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BWW Interview: Source Material's Samantha Shay Navigating IN THESE UNCERTAIN TIMES

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BWW Interview: Source Material's Samantha Shay Navigating IN THESE UNCERTAIN TIMES

Source Material's IN THESE UNCERTAIN TIMES will world premiere via Zoom July 25, 2020 at 4p PST/7p EST. Directed by Source Material's artistic director Samantha Shay, IN THESE UNCERTAIN TIMES posits the state of theatre in these COVID-19 times using a mash-up of Chekov monologues, drinking duels and coronavirus memes. Performers, spread out in the U. S. and in Iceland, include company members James Cowan, Miles Hartfelder, Annelise Lawson, Stephanie Regina, Raven Scott, Victoria Sendra, and Grace Tiso.

I had the chance to ask Samantha what's currently predominating in her creative mind.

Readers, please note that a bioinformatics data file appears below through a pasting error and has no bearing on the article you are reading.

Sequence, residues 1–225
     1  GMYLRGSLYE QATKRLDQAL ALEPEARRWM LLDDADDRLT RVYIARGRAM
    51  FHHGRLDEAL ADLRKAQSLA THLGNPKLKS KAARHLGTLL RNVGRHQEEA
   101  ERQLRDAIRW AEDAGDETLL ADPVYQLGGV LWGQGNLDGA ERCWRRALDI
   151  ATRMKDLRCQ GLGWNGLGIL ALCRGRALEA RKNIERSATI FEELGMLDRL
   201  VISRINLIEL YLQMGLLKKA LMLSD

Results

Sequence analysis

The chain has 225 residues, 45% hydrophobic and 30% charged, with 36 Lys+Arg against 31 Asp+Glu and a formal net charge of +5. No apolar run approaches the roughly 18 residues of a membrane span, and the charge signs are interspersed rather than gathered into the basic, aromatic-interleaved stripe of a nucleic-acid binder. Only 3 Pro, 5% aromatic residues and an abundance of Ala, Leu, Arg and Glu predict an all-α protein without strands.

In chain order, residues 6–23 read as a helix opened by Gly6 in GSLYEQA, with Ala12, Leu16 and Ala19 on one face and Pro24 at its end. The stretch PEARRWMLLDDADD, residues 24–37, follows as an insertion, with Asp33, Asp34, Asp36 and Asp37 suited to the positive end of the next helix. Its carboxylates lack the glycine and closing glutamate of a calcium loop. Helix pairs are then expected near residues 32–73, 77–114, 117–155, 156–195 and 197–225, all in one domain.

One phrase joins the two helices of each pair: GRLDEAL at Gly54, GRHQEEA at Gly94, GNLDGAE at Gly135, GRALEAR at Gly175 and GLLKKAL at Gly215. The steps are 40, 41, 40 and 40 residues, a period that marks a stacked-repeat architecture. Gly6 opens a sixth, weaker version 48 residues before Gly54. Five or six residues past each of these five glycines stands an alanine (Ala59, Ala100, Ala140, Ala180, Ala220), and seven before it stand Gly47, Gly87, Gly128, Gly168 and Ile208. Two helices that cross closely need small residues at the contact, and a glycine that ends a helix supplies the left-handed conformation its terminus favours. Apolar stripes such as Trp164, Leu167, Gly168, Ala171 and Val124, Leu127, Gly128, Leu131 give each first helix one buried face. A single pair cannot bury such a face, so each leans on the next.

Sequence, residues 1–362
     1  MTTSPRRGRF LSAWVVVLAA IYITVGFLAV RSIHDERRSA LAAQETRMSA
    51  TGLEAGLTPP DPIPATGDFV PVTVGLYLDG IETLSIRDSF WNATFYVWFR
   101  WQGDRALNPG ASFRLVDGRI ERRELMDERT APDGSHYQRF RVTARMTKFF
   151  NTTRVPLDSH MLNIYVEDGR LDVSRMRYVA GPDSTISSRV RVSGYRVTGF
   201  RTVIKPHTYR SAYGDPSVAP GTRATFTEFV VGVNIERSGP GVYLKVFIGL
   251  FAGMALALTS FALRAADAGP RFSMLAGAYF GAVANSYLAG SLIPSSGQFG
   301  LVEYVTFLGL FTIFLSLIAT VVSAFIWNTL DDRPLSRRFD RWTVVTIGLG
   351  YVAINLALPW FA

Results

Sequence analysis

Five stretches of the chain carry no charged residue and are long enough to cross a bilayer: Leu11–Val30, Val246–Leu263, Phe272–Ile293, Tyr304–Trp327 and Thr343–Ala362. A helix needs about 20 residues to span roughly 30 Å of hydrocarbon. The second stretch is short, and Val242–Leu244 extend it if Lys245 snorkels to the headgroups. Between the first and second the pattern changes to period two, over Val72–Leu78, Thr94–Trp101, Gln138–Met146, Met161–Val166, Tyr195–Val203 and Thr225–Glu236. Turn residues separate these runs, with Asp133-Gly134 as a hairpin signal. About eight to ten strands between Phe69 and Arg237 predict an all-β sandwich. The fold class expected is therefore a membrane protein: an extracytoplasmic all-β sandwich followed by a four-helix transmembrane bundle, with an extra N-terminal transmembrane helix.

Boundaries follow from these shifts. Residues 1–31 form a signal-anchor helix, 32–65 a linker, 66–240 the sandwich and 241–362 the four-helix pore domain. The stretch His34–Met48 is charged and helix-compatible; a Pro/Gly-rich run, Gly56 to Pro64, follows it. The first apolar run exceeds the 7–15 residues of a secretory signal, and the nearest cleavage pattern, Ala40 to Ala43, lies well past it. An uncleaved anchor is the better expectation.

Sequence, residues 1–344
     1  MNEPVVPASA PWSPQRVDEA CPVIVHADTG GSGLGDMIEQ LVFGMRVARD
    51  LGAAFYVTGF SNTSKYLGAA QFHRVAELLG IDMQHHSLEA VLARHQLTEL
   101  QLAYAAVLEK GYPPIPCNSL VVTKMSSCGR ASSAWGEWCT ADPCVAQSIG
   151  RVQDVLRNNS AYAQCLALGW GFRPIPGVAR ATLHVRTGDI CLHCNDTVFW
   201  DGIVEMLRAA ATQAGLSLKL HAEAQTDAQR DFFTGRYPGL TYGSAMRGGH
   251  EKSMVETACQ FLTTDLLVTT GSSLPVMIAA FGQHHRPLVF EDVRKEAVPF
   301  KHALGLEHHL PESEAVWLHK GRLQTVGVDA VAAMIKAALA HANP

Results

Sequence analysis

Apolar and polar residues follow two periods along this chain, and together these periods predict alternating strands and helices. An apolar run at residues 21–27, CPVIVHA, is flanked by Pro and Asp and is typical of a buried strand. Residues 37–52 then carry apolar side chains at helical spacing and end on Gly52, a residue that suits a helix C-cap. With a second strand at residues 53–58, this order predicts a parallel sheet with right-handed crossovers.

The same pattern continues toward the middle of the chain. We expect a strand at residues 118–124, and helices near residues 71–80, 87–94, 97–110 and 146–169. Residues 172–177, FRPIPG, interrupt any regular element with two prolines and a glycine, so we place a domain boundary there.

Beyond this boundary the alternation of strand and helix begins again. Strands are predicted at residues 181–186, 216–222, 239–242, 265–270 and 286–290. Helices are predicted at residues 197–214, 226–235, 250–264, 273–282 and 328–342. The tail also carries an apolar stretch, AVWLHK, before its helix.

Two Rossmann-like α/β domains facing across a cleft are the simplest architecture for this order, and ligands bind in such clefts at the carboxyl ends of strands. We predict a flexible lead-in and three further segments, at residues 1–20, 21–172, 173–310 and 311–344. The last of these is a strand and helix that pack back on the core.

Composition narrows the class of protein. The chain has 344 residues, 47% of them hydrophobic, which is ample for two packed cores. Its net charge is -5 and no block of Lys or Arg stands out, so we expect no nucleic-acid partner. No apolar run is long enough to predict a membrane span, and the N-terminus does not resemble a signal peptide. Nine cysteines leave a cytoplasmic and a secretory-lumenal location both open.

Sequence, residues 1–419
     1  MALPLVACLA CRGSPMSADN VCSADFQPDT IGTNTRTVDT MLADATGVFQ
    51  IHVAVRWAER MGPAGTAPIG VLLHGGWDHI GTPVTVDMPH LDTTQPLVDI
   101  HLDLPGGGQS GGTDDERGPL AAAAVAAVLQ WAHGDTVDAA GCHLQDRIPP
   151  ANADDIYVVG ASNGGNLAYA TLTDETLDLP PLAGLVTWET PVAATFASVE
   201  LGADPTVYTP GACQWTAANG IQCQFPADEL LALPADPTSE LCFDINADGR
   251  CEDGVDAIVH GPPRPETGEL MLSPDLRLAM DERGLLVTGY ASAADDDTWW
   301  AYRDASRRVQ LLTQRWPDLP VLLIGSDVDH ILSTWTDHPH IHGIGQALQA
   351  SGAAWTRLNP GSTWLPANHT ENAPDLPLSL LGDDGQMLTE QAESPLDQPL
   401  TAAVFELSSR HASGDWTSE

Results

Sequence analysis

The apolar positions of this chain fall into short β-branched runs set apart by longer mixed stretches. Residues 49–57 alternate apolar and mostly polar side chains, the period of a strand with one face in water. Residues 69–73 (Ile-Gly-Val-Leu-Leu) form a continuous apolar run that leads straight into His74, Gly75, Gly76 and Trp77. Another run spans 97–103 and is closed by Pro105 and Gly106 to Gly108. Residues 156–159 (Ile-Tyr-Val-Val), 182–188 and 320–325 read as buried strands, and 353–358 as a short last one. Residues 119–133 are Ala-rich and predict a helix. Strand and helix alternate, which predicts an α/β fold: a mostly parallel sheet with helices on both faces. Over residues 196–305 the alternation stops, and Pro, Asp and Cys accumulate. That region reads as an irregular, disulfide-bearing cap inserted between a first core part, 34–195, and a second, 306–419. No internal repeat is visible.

Thank you for taking the time for this interview, Samantha!

You were originally scheduled to world premiere IN THESE UNCERTAIN TIMES June 13th. How did the national awareness of the George Floyd killing personally affect your decision to reschedule to July 25th?
I will say first and foremost that our postponing was not passive, but a call to action in solidarity with Black Lives Matter. It was a choice made by BIPOC (black indigenous people of color) members of Source Material to focus solely on dismantling white supremacy and to make company members available to participate in supporting the movement.
Originally the show was timely, as it relates directly to COVID-19, but when the uprising in response George Floyd's murder happened, it became clear that the most important thing for us to do as a company was focus on anti-racism. It felt unthinkable to promote this piece during the biggest civil rights movement in our nations' history. To pretend the show is about Black Lives Matter would be a gentrification of an important movement, because the show is really about the uncertainty created by COVID-19 and how that affects the lives of artists. We have BIPOC artists in the ensemble and leadership of this show, and it was imperative to respect that not everyone in the ensemble was having the same experience, and so it was also an act of solidarity and care for BIPOC company members.